Great post! I abandoned cessationism, which states, rather conclusively in its doctrine, that God has not, is not, and will not give any kind of special revelation to any person at any time. Combined with dispensationalism, which is necessary since Scripture directly predicts that special revelation will occur if one is premil (not the same as dispensational of course), cessationism is progressing into the older forms of the Anglican replacement theory. Full Cessationists "replace" all gifts with providential talents. I have an unpublished TMS paper on the subject given to me approvingly. I may be splitting hairs, but this is an important hair to split: there is a difference between saying that we do not see the revelational gifts occuring today because of divine providence (or an argument from abstract sovereignty that was completely unannouced in the NT) than saying that special revelation is not seen because it CANNOT ever happen again. The main arguments: The Canon, the Mature Theory (which is just a corollary theory to the Canon Theory), the Authority and Sufficiency of Scripture, all fall short biblically. This is not to say that the arguments are logical, but the SCRIPTURES do not make the same arguments CESSATIONISTS make. Therefore, such logic, to fill in the theological gap, and as a result, raise a human logical step to the same authority as scripture, is erroneous. I myself prefer the view nearest to Saucy, but to rename it "Providential Subsidence." By "Providential," I mean the non-special revelation administration of God over all His works, including the very bestowing of special revelation. In this then, the subsiding of revelation in its activity from the degree and some of its purposes in the NT was and is unexpected (the impure church theory cannot account for the subsidence). By "subsidence," I mean the drifting away, passing off, or lessening in activity. But, by this there is no hint of permanence. Special revelation, that does not reduce the authority or sufficiency of scripture, is possible at any time. But, the caveat is this: I believe that God has also appointed some normal means by which special revelation is given. He can, of course, choose to work in ways that are not normal (e.g., a donkey, a dream, angels), but these are all tied to the normal proclamation. Some have tried to construct the universality of cessation using history and geography. But, I think such attempts posit the modern cessationist in the position of divine omnipotence and omniscience through incomplete and one-sided historical records. Also, the church fathers, including Chyrsostom, did not answer via the modern form of cessationism. They answered by testing the character of the speaker, the content of the message versus the Scriptures (which needed to recognized in the NT), and the accuracy of predictions. The apostolic age was set off from others as something special, but not as a closed era. Some might argue that it was this very openness that led the church fathers into error, and that cessationism is the only guarantee to preservation from error. However, this is not the way that Jesus instructed us to think with regards to special revelation, rather we are to test, watch, beware, discern, and a plethora of other verbs that are designed to put us on our guard, since special revelation is a very serious matter. But, it is not so serious as to warrant the unbiblical, yet logical, conclusion of cessationism. We may not agree, you and I, but I very much appreciate the post! Blessings to you!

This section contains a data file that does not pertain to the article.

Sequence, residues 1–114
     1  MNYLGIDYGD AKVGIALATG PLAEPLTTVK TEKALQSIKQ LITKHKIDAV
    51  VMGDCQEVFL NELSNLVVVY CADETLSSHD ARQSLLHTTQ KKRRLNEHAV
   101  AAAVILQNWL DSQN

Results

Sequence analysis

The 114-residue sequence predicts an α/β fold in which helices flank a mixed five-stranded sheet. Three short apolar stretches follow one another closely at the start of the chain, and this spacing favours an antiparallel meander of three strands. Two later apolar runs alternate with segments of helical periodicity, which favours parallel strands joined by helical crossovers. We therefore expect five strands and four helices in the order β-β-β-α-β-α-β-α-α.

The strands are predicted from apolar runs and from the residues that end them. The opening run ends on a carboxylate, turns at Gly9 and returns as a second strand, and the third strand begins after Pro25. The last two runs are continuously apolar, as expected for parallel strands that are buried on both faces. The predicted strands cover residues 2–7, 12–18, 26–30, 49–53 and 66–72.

Yours for our Master,
Paul Bright

Paul Bright and family said...

To all,

I made a couple of mistakes in my post. First, I wrote that, "this is not to say that the arguments are logical." I meant to write, "this is not to say that the arguments are illogical..."

Also, some may take issue with the mention of the Anglican replacement theory being compared to Full Cessationist replacement of all gifts with providential abilities. By way of addendum, the Anglican theory replaces the supernatural gifts with the civil authority of the church state, making the revelatory gifts unnecessary. But, the comparison of replacement is the same, and the object included in the replacement, interestingly, is culturally contrived. The Anglican theory was popularized in the mid 1800s, while in America, such thoughts do not enter into theologians' minds (usually), and istead the replacement argument is modified accordingly.

Also, there are segments of the church untouched by the Enlightenment (notice I did not say the Reformation) where the cessationist argument is completely lost in the minds of believers. This holds little weight for a biblical argument, granted, but the historical and presuppositional underpinnings of cessationism (which are traceable to European/American modernistic roots) are absent.

Broken Messenger said...

Blue Raja,

I'm sure any post you produce on the whole Slice affair will be far more insightful and excellent than mine. I'm just the loud mouth trying to get a few issues on the table with a few of my kin.

Oh, and thank you for the kind words, sir.


TheBlueRaja said...

Insightful comments, Paul!

Well deserved, Brad. Keep it up.

weswise said...

Being unfamiliar with this debate, is disagreeing with cessationism (which I have a brief definition of) to say that the canon is still open? Or is it to say that if special revelation occured that it would be inspired, but not necessarily scriptural (in the sense that it may be true and applicable but is not needed in the Bible)? Or is what you're (Paul/Sharad)saying canonically irrelative (that is, it is not a debate centered around the issue of the canon, if this is the case, what is it centered around)?